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What are signs an executor has breached their fiduciary duty?

The executor of an estate has specific fiduciary responsibilities. It's an Ohio personal representative's legal obligation to act in the best interest of the deceased and carry out their instructions and wishes to the best of their abilities.

A fiduciary has two primary responsibilities. They are paying off any debts that the testator left behind and distributing any of their remaining assets to the heirs.

It's also the fiduciary's responsibility to open a checking account to manage the estate's affairs. They're also obligated to file the testator's final tax return.

Executors must keep beneficiaries updated as to what's happening with the estate.

There are instances in which personal representatives fail to pay off debts, engage in self-dealing or sell off assets for less than their fair market value. It's in cases like these that the court may discharge the executor of the estate. A court may also order any personal representative that engages in impropriety to pay fees associated with their mismanagement of funds.

Fiduciaries who are attorneys are subject to a higher level of scrutiny when handling estates. Attorneys must follow codes of ethics and professional responsibility. They can face disciplinary action and possibly even disbarment if they violate their fiduciary duty to a client.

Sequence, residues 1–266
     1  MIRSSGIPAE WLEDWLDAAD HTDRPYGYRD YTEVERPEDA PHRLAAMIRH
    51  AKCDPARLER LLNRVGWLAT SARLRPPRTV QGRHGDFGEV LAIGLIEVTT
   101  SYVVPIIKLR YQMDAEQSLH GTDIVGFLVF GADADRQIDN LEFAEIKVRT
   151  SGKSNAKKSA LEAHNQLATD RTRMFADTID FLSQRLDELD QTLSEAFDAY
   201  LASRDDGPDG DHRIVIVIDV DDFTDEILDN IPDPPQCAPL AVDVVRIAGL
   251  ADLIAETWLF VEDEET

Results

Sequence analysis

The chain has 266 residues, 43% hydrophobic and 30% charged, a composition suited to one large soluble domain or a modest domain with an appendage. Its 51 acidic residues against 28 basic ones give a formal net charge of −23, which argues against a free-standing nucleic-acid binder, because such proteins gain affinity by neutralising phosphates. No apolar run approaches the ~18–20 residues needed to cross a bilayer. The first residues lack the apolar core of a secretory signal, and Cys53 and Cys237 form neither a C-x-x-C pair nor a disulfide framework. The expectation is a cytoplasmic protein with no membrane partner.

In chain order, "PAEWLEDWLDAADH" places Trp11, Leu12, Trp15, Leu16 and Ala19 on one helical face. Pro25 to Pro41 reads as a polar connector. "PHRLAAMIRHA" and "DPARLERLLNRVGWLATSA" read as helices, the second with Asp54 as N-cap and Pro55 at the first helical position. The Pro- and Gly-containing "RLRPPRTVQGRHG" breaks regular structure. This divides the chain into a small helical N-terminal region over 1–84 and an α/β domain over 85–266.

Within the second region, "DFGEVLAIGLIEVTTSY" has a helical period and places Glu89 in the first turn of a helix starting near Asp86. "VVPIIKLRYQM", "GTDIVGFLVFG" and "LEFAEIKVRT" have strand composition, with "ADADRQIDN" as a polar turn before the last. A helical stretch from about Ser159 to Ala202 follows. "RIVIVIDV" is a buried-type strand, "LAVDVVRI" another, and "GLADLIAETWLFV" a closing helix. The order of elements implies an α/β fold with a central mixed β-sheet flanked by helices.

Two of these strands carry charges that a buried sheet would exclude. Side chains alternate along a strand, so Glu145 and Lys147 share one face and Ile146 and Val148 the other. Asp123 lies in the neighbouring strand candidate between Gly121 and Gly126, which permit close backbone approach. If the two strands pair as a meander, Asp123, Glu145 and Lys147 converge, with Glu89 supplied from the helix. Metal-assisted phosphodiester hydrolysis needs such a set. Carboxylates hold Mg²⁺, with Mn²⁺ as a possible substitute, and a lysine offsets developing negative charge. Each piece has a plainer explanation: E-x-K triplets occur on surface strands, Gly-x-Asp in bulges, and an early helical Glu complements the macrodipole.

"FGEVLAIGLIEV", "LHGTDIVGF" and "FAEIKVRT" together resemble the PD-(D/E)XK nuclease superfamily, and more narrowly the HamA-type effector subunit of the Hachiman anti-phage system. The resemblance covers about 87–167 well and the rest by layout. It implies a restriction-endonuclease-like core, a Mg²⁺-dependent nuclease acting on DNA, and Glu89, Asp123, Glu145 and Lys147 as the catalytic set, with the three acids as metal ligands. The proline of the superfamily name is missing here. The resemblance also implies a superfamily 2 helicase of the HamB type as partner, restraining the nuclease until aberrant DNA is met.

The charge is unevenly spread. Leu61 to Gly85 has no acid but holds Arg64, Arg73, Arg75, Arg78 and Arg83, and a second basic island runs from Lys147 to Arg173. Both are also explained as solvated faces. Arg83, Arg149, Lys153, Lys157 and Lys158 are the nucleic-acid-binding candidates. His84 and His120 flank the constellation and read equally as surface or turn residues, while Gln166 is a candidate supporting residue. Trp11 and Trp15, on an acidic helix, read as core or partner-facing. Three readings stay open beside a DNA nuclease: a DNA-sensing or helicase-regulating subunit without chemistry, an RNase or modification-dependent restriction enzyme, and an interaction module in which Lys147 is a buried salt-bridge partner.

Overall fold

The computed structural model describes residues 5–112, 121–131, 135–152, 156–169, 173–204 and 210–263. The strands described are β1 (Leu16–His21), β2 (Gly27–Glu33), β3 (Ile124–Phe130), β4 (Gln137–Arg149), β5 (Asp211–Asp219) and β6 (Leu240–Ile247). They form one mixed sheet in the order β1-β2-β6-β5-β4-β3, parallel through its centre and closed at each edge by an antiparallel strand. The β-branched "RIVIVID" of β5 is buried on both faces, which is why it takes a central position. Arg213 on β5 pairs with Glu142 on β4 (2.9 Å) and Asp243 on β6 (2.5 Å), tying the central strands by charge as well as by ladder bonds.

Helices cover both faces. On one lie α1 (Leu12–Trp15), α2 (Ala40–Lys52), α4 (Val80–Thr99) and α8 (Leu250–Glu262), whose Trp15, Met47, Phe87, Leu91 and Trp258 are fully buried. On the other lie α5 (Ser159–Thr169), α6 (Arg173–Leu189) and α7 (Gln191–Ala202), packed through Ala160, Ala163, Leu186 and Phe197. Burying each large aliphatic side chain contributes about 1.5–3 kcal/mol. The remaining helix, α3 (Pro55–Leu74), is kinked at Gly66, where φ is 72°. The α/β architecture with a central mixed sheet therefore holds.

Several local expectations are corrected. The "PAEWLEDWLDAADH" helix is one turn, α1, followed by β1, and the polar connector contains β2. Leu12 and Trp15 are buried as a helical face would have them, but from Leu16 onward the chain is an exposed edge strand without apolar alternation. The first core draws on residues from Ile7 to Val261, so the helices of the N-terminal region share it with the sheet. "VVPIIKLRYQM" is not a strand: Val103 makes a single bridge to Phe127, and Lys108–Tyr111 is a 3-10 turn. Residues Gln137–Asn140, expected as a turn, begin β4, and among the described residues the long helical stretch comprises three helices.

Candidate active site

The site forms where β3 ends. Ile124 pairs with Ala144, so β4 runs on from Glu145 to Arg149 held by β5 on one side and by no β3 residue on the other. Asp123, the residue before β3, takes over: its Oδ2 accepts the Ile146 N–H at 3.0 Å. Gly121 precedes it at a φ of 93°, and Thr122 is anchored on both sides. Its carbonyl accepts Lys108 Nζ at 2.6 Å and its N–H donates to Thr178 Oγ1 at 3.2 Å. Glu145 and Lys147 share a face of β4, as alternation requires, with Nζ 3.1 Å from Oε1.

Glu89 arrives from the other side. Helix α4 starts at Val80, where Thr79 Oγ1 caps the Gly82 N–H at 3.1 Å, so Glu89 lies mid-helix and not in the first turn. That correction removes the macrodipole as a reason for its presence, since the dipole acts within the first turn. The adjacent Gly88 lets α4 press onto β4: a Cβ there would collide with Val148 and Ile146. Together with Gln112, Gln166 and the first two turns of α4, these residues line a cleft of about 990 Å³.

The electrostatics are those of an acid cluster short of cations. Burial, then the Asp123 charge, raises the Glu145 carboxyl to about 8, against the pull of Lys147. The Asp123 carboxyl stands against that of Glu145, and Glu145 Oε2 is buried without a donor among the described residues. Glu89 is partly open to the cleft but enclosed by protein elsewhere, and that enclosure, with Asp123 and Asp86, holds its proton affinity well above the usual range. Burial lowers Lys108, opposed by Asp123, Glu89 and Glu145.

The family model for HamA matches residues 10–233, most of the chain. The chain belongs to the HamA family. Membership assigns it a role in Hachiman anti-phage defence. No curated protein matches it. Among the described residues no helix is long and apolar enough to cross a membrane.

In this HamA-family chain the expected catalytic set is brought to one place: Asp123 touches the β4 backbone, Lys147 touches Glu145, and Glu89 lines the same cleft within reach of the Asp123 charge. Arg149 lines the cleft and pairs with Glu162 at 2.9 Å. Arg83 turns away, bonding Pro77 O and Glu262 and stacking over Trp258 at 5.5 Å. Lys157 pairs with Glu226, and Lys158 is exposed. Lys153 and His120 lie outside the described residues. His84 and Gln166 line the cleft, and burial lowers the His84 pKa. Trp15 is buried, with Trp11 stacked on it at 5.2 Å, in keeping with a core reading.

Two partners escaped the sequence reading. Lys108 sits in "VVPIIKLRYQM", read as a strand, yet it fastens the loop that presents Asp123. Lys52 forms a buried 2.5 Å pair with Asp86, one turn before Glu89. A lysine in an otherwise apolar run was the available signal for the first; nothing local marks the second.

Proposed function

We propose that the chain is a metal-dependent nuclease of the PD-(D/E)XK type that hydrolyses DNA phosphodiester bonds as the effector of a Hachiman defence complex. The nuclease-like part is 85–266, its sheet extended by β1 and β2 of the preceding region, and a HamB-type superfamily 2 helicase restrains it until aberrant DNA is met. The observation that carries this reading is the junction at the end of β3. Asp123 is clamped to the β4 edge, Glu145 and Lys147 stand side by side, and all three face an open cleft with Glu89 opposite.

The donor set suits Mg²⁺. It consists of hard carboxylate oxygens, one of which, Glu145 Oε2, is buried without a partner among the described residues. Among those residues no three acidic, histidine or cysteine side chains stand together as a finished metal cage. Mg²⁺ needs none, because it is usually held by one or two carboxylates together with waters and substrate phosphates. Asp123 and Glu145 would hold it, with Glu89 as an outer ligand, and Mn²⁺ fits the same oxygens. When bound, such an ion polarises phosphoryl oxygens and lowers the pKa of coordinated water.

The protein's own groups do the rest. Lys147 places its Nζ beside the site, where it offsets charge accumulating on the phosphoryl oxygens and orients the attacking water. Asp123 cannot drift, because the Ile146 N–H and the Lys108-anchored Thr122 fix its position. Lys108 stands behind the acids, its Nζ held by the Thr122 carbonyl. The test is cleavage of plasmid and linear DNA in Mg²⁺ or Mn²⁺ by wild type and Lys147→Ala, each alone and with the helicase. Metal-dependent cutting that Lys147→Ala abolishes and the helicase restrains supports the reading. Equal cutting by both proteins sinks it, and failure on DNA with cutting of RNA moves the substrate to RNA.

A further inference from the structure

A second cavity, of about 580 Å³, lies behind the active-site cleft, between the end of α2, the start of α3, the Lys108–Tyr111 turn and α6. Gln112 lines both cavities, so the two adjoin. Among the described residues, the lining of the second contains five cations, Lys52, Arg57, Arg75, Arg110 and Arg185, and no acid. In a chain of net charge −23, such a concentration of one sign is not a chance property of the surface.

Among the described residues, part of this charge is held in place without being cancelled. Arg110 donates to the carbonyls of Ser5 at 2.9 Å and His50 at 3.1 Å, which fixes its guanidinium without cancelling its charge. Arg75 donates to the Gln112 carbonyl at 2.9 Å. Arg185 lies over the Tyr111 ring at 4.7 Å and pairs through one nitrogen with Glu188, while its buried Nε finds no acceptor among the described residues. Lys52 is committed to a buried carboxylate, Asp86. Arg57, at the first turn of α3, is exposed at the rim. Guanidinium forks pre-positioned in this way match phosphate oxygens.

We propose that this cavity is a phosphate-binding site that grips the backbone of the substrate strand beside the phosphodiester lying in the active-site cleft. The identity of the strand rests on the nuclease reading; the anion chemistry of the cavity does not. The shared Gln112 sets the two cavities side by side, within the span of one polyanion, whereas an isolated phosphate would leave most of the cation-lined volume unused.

It's a serious allegation for you to accuse an Ohio personal representative of violating their fiduciary duty. You can't consider every executor's misstep as a breach of their legal responsibilities, though.

You should present your concerns to an attorney if you suspect that the executor of your Cincinnati loved one's estate hasn't upheld their fiduciary duty in administering it. Your lawyer will analyze what has happened in your case thus far and advise you on what steps you should take moving forward.

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